Lakewood Walleye Pro and current NWT Angler of the Year leader offers his tips for June eyes on big water.
By: Jace Bauserman
Max Wilson is a “Yoda” when it comes to finding and catching walleye on big water. The Wisconsin native is coming off a red-hot couple of months on the National Walleye Tour — claiming a seventh-place finish at Lake Winnebago and a third-place finish at the recent Marinette, Wisconsin, Event.
Side of his accolades on the tournament trail, Wilson struck me as a guy that just loves to be out on the water and wants to help others be successful targeting these fish that are so near-and-dear to his heart.
“This can be a difficult time on big water,” Wilson said. “It can be a very fun and frustrating time to fish. The fish are coming off the spawn and are looking to put on some weight. They want to eat but are moving out of the super-shallow areas near the tributaries where they spawned and migrating to their off-shore summertime patterns. Sometimes, it can be hard to find fish.”
Wilson notes that focusing on off-shore structures where sand flats butt-up to rock humps are great places to find hungry fish. In addition to the humps, Wilson is finding plenty of fish on rocky, shoreline points that taper into deeper water.
“Walleye are big migrators,” Wilson continued. “Right now, fish are feeding on gobies. Gobies are a bait-fish that live in the rocks. If you find sand that is adjacent to some rock humps, you should be on fish. The sand helps the water to warm, and walleye like to warm in these areas and then move into the rocks to feed. We are finding the fish are still in those first humps and points closer to shore. We have checked some of the humps in the deeper water, and the fish have yet to get to those locations.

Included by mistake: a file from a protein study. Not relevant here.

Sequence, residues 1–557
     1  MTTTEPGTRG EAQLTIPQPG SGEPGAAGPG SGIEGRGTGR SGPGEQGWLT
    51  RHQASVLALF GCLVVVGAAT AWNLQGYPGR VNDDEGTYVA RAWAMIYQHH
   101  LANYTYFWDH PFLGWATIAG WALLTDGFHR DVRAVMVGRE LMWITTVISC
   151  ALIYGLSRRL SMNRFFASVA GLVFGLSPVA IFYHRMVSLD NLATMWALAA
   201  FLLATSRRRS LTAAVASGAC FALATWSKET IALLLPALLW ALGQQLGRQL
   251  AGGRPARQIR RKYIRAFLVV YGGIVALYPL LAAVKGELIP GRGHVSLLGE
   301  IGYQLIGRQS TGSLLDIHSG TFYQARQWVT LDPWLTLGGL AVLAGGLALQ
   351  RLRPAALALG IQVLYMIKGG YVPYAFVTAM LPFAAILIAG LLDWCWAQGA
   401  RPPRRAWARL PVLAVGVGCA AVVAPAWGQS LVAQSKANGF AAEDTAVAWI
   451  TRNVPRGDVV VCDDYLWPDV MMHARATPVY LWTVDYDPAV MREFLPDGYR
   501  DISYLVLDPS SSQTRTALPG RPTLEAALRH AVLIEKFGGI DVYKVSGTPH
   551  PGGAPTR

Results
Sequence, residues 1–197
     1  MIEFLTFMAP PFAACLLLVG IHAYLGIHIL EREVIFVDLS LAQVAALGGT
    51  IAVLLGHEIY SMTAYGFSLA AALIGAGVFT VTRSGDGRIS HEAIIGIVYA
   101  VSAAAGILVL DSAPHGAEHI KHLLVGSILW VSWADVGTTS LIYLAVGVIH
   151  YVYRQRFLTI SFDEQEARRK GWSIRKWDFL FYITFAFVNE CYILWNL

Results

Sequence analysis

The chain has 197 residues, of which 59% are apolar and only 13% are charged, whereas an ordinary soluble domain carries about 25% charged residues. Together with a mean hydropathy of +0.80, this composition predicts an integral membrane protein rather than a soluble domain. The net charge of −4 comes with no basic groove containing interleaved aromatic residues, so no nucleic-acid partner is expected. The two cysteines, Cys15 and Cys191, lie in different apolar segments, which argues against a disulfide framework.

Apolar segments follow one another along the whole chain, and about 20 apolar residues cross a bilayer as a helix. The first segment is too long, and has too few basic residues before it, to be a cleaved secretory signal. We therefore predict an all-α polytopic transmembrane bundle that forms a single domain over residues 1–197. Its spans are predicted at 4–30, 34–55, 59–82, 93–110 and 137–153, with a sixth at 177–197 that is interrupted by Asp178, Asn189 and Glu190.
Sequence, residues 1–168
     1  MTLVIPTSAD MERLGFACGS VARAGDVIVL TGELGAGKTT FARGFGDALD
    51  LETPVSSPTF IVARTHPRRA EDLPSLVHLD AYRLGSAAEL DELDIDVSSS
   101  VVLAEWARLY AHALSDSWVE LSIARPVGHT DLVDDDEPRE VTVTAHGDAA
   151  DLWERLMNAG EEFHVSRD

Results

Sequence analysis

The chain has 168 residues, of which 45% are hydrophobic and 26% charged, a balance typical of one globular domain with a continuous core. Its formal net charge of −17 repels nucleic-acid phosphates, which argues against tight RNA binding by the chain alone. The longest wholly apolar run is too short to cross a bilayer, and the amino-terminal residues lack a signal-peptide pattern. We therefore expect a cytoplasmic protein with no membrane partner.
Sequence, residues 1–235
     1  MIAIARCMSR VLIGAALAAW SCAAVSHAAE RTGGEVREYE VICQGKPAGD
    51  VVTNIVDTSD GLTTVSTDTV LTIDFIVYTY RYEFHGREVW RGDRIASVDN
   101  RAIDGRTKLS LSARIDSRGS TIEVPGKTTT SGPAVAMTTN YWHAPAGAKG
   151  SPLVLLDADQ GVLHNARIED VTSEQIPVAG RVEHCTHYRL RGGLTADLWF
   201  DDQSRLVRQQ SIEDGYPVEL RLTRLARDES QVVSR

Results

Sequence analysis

“Points are also pretty hot right now. Look for those shoreline points that have a good amount of rock and good transition lines. The only problem with points is that they are very noticeable. If you find a good point, you’ll likely have some competition. I highly recommend getting away from the crowds and looking to find unpressured fish.”
When searching for off-shore structure, Wilson recommends really taking the time to learn your graph.
“During my last two tournaments, I’ve spent a lot of time driving and graphing. Knowing how your graph works and understanding how to read structure and transition lines is a must. When fishing big water, watching your graph and covering water can save you lots of time and put you in areas that are holding fish.”
While Wilson recommends trolling as a good tactic for covering water and locating fish, he is also a big fan of jigging.
“Having a good jigging program is a must,” Wilson says. “I really like lipless crankbaits. My rule of thumb with these baits, if I’m fishing under 20 feet of water in calm conditions, is to use ½-ounce lipless crankbait. If there is a lot of wind or if I’m fishing deeper water, I use a 1-ounce bait. My presentation will differ based on water temperature and the like, but I really like to give the bait just enough lift to feel the rattle and then let it back down. The fish will either inhale the bait or pin it to the bottom. The pinning method is how they eat live gobies. Big plastics in the 3 ½- to 4-inch range are also very effective. Use a lift-and-drop retrieve. The lift should be just enough to get that tail moving. Half-ounce trail jigs are also very effective.”
There you have it, big-water eye advice from a pro. Put his tips to practice and get out on the water and have some fun.